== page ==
Affordable healthcare for all. But how?

Healthcare industry

My company, Decent, administers affordable health plans for self-employed people. I wrote the below for our team before we launched in Austin, Texas, on April 1st, 1 year after getting seed funding. I’m publishing it with minimal edits so you can see our mission and strategy and hold us accountable. Our plan will change with time and progress. Our goal — serving 1 billion people — will not.

If this resonates with you, let’s talk about it. We’re building an early community to help inspire us and kick the tires on our vision. Please reach out today and make your voice heard. We need your help to make Decent work for everyone.

Decent team,

On April 1st, 2019, Decent will launch affordable health insurance.

In Texas. For self-employed people and sole proprietors. As the best deal for those who don’t qualify for ACA subsidies.

This is a great start, but it’s a long way from our mission of affordable healthcare for all.The purpose of this doc is to explore all the ways we can fulfill our mission. We may not do all of these things, but we ought to have a sense of the levers available.


  • Focus on serving the self-employed first. Our first plans are for self-employed people (e.g. sole proprietors, freelancers, and independent contractors)
  • Consider partnering with additional groups and companies that serve or work with self-employed people. Groups and companies that bring their own members with similar characteristics to those we serve should require less incremental work to serve than entirely new firmographics. They may also have unique requirements we can learn from.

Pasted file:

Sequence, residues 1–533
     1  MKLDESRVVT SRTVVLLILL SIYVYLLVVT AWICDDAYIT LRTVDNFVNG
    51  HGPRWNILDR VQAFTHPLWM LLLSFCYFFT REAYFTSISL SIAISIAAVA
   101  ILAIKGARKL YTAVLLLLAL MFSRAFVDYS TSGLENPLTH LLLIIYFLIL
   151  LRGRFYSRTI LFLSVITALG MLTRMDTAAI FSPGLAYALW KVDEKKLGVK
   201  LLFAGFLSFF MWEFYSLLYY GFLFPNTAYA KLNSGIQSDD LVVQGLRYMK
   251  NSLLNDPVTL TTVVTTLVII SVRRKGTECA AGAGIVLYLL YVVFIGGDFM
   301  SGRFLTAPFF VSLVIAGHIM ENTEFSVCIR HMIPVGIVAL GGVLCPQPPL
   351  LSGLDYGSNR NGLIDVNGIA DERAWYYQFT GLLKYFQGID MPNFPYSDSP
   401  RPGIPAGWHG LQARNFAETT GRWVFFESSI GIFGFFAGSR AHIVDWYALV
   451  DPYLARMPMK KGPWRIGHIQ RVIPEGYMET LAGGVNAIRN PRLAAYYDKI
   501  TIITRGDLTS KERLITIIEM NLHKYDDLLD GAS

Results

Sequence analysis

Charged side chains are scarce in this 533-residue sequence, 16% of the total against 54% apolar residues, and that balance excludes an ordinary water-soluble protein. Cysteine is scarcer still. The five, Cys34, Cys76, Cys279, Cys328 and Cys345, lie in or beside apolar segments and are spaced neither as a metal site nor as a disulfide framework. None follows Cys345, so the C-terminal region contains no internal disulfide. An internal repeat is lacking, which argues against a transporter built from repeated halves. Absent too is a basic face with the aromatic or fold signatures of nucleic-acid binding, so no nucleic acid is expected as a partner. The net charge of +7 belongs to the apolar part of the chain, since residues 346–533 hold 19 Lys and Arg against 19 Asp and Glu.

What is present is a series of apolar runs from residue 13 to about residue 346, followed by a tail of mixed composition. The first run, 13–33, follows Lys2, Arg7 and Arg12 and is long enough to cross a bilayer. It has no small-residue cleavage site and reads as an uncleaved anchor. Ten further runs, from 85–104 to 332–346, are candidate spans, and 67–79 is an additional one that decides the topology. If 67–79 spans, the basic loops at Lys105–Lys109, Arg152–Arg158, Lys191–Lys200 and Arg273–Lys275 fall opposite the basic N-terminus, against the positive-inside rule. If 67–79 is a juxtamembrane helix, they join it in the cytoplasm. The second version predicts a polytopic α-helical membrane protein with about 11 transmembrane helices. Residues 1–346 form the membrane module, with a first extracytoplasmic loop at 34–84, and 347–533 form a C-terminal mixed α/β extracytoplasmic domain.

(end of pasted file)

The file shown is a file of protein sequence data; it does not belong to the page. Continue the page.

• Expand to serve businesses only after delivering great plans for the self-employed. Serving businesses will add various new stakeholders with new requirements impacting customer service, reward routing, SLAs, etc. We should not target businesses until we are on track to establish ourselves as the best option for the self-employed people we serve.


  • Make our business as efficient as possible. Reward cost-effective health decisions and pass savings back to members. Build a flexible protocol/infrastructure to account for regulatory variation and change. Use price discovery and economies of scale to get better rates. Develop the flywheel(s) of our business (illustrative example below).
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How insurance SHOULD work.

  • Offer lower-cost products. Given the market appetite for lower-cost plans, prove out innovative models that can reduce plan cost (e.g. a virtual direct primary care plan with a specialty network wrapper). This will allow us to serve people in rural communities too.
  • Use subsidies. Closely follow legislation that could make subsidies available for non-exchange plans as soon as 2020. In parallel, explore the feasibility and timing of getting on the exchanges in some or all states in the future. Separately, consider whether and how to subsidize some or all of our plans directly based on overall performance, potentially via logic at the protocol level.

The opportunity here is to help everyone.

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Me in the hospital in 2009

Welcome to Decent: a new kind of health plan.

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